Recently I went in search of health insurance. I no longer enjoyed the benefits of an employer-sponsored plan and my payments into COBRA were astronomically high, so I was hoping to find something more affordable.
I decided to stop by a couple of brick-and-mortar insurance agency offices, to see what they could offer. What I encountered surprised me.
Turns out I was wrong to hope I’d find a less expensive policy, unless I wanted to go to a bare-bones policy with high deductibles and enormous co-pays, but that’s not what surprised me. Instead, I was taken back by the vitriol with which the two agents I spoke to had for Obamacare.
Two bigger supporters of “repeal and replace” you’ll not find. I listened to their complaints—one even volunteered that, by golly, she’s “not a social worker,” clearly in reference to the rising number of people signing up for Medicaid, thanks for the Affordable Care Act. (A majority of New Mexicans, and an even larger majority of children, are on Medicaid these days.)
If didn’t take me long to realize why these insurance agents are so against the ACA. It’s cutting into their business.
More than any other player in America’s healthcare system, the insurance industry is the power behind the push to rid the nation of the ACA. They’re the ones who really benefit from a free-market approach to health care, and they’re naturally opposed to anything that cuts into their considerable profits—and, up until recently, they found the perfect mouthpiece in the Republican Party.
Now, however, even Republicans must concede that Obamacare isn’t all bad. A few of them even placed the interests of their constituencies ahead of the insurance industry. Requiring insurance providers to cover people with pre-existing conditions, for example, isn’t something the GOP is willing to dump, even though that’s one of the biggest reasons why insurance premiums have gone up. That and the fact that when uninsured Americans could finally afford health insurance (thanks to Obamacare), they turned out to be sicker than anyone anticipated.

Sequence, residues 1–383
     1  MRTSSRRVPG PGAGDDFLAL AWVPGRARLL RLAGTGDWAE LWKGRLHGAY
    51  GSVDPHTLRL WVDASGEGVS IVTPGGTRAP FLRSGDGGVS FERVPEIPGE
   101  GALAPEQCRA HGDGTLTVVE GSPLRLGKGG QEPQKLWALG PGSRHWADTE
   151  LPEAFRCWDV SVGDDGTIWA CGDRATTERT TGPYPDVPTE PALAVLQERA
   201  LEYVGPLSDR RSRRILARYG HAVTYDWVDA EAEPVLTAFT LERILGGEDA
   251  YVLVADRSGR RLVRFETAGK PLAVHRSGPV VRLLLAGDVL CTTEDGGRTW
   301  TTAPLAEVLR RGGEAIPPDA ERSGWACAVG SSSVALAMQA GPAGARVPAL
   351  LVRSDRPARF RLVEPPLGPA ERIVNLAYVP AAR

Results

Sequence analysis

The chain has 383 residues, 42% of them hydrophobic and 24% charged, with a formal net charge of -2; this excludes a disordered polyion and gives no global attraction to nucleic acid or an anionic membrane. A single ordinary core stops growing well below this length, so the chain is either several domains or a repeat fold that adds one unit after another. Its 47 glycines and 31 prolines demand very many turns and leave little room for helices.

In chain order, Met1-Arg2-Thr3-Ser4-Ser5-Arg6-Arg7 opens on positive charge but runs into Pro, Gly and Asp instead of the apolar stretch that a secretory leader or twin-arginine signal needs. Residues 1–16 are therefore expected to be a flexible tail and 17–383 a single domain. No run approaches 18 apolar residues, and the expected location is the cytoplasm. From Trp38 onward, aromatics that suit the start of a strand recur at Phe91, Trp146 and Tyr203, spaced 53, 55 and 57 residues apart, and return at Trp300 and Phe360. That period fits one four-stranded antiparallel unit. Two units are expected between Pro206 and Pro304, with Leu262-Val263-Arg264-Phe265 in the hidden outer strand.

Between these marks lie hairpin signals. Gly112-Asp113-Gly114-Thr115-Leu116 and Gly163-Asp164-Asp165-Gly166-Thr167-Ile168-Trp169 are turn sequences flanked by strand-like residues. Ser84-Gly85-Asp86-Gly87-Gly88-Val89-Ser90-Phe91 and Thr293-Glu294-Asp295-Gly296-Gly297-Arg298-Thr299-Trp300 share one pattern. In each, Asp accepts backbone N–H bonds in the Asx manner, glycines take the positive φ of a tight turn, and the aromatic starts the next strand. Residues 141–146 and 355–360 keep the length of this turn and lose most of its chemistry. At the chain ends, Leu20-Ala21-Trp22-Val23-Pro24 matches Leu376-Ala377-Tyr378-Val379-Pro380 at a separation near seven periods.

Turns out, many of the people who voted for Donald Trump and other Republicans are the same people benefiting from Obamacare, and that’s made some Republican lawmakers reluctant to do things like cutting Medicaid. Meanwhile, Republicans with an ideological objection to the ACA’s tilt toward universal health care find themselves beaten down by practical realities. You can talk “free market” all you want, but to a sick person, it’s all about getting better and paying the bills—something our so-called free-market approach as failed miserably at. That’s why health care bills are biggest reason for bankruptcies in the U.S.
But now, insurers have to provide more comprehensive policies—things like preventative care, mental health problems and treatment for addictions are now required benefits—and children can now stay on their parents’ health insurance policy until age 26. Thank the ACA for these added features.
The ACA attempts to extend health-care coverage to everyone, and so far it’s working, as millions more Americans are now insured. But it also raised rates for many in the middle class, and needs to be fixed.
Of course, you can blame the ACA if your insurance provider decided it couldn’t afford to upgrade your coverage to include the “10 essential benefits” now required by Obamacare. Or, you could blame your insurance company, for refusing to give up just a piece of its hefty profit margin to cover things like chronic diseases for you and your family. Greed is as greed does.
Another outgrowth of Obamacare is the state health exchanges, which have brought insurance to lower-income people who qualify for subsidized premiums but have done little for middle- and higher-income people who don’t qualify for a subsidy. People like me, who have made too much to qualify for assistance but too little to afford coverage that costs as much as a mortgage. Self-employed, lower-middle income individuals and families, I’d say, are getting hit the hardest, as, it seems, they always are.
That’s a good reason to tweak Obamacare, but not to repeal and replace it. Now that Republicans have embarrassed themselves thoroughly on the floor of the Senate, maybe they can revisit the issue with less hyperbole and more critical thinking. Perhaps they should focus on fixing what’s wrong, and keeping what’s right, with the ACA.
And for crying out loud, consider the people over the profits. This is more than an economic or political issue. For many, it’s life or death.
Tom McDonald is founder and editor of the New Mexico Community News Exchange. He can be reached at firstname.lastname@example.org.